Posted on by Secure Codingin
By Aaron Ballman
Senior Member of the Technical Staff
CERT Secure Coding Team
Writing secure C++ code is hard. C++11 and C++14 have added new facilities that change the way programmers write C++ code with the introduction of features like lambdas and concurrency. Few resources exist, however, describing how these new facilities also increase the number of ways in which security vulnerabilities can be introduced into a program or how to avoid using these facilities insecurely. Previous secure coding efforts, including the SEI CERT C Coding Standard and SEI CERT Oracle Coding Standard for Java , have proved successful in helping programmers identify possible insecure code in C and Java but do not provide sufficient information to cover C++. Other efforts, such as MISRA C++:2008 and the community-led C++ Core Guidelines, create a subset of the C++ language and do not focus on security. This blog post introduces the SEI CERT C++ Coding Standard and explores some examples of areas in C++ that can result in security vulnerabilities.
The SEI CERT C++ Coding Standard
The SEI CERT C++ Coding Standard provides rules for secure coding in the C++ programming language. The goal of these rules is to develop safe, reliable, and secure systems, for example, by eliminating undefined behaviors that can lead to exploitable vulnerabilities. Conformance to the coding rules defined in this standard is necessary (although insufficient) to ensure the safety, reliability, and security of software systems developed in C++. The application of this coding standard will result in high-quality systems that are reliable, robust, and resistant to attack. The complete set of rules can be found on the CERT Secure Coding Wiki where these rules are being actively developed and maintained.
The CERT C++ Coding Standard comprises more than 80 rules in the following 11 chapters:
longjmp(), and why exception objects need to be nothrow copy constructible.
The Close Relationship Between C and C++
Due to the close relationship between C and C++, many of the rules and recommendations in the CERT C Coding Standard are also applicable to C++. . Accordingly, each of the chapters outlined above lists the related C rules that also apply in C++. For instance, EXP34-C. Do not dereference null pointers applies to both C and C++ because both languages specify that dereferencing a null pointer is undefined behavior, which will lead to a security vulnerability in either language.
Any CERT C Coding Standard rule that does not apply to the CERT C++ Coding Standard is marked with a "not-for-cpp" label. Sometimes this marking occurs because the rule does not apply in C++ at all. For instance, DCL38-C. Use the correct syntax when declaring a flexible array member does not apply to C++ because C++ does not have the notion of flexible array members. Other times, a dedicated C++ rule has been crafted on the subject and so the C rule is superseded; as is the case with EXP50-CPP. Do not depend on the order of evaluation for side effects.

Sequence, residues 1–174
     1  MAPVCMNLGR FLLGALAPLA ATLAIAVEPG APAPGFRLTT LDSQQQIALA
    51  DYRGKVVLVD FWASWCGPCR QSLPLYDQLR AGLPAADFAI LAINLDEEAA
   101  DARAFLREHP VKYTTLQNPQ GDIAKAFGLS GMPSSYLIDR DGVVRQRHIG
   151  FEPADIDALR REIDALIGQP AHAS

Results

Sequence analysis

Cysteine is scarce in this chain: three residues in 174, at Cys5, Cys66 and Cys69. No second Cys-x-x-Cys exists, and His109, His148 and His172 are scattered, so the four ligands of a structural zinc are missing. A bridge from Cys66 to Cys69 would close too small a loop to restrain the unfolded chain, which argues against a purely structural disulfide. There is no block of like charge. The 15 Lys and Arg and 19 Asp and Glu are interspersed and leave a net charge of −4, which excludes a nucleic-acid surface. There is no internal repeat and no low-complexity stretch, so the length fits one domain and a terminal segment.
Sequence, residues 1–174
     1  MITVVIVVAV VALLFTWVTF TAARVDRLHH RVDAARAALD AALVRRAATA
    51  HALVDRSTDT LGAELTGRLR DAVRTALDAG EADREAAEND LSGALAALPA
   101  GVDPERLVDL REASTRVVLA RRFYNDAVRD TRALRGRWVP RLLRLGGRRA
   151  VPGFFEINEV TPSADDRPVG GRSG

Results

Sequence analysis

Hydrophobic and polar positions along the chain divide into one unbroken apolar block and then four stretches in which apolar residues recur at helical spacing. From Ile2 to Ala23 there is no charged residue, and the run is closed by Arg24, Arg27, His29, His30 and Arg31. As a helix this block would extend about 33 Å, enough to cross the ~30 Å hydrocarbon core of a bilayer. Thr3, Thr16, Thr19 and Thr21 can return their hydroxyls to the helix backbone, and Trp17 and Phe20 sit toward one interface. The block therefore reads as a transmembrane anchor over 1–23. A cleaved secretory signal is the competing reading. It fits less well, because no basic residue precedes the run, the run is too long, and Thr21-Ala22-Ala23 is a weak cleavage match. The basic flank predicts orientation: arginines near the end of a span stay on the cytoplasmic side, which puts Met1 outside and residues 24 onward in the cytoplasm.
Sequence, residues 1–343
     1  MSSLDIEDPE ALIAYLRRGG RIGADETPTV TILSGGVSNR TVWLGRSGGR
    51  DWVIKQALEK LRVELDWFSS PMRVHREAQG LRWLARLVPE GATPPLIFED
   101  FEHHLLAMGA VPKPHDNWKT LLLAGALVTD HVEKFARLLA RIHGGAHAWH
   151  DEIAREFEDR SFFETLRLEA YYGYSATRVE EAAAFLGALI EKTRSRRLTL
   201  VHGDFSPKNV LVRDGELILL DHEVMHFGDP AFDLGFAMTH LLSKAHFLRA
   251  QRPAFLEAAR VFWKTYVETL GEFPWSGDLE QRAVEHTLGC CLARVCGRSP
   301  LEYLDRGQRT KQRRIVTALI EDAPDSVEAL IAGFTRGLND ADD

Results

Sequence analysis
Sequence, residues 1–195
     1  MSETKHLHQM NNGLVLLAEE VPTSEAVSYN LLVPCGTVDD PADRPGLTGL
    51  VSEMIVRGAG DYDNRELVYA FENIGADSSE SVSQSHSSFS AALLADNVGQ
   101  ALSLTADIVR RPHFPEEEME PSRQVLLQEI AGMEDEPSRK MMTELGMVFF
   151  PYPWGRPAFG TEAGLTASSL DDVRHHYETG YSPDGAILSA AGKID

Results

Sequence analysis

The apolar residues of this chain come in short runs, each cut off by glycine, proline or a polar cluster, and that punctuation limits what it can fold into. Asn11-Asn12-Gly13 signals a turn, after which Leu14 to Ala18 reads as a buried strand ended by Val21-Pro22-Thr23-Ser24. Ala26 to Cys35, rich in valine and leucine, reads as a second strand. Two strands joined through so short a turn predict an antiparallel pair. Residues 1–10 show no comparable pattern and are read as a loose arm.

Finally, there are numerous rules that only apply to C++ and not to C, such as EXP61-CPP. A lambda object must not outlive any of its reference captured objects, which focuses on scenarios where functions return a lambda object that has captured a local variable by reference (leading to accessing a dangling reference when the lambda is executed). The CERT C++ Coding Standard is intended to be a companion to the CERT C Coding Standard rather than a replacement.
Each guideline consists of a title, a description, and a noncompliant code example and compliant solutions. The title is a concise, but sometimes imprecise, description of the guideline. The description specifies the normative requirements of the rule. The noncompliant code examples are examples of code that would constitute a violation of the guideline. The accompanying compliant solutions demonstrate equivalent code that does not violate the guideline or any other rules in the coding standard. Additionally, the rule may have one or more exceptions, often based on real-world code, which demonstrate compliant deviations from the normative rule text that do not constitute security vulnerabilities. Finally, each rule lists an assessment of the risks of not complying with the rule, a user-contributed list of tools that may be able to automatically detect violations of the rule, a list of related vulnerabilities and guidelines, and a bibliography.
Wrapping Up and Looking Ahead
A well-documented and enforceable coding standard is an essential element of coding in the C++ programming language. Coding standards encourage programmers to follow a uniform set of rules determined by the requirements of the project and organization rather than by the programmer's familiarity. Once established, these standards can be used as a metric to evaluate source code (using manual or automated processes).
The CERT C++ Coding Standard is entering the final technical review stage before its final publication later this fall. A draft version of the standard is available now for public review, and the CERT Secure Coding team welcomes feedback on the rules. Comments and feedback on each rule can be provided in the comments section at the bottom of each rules page.
We plan to publish the CERT C++ Coding Standard as a free PDF, similar to the release of the SEI CERT C Coding Standard. We appreciate all help in making sure that the standard reflects the best practices of the community. All constructive contributors will be recognized in the standard when it is published.
View the CERT C++ Coding Standard.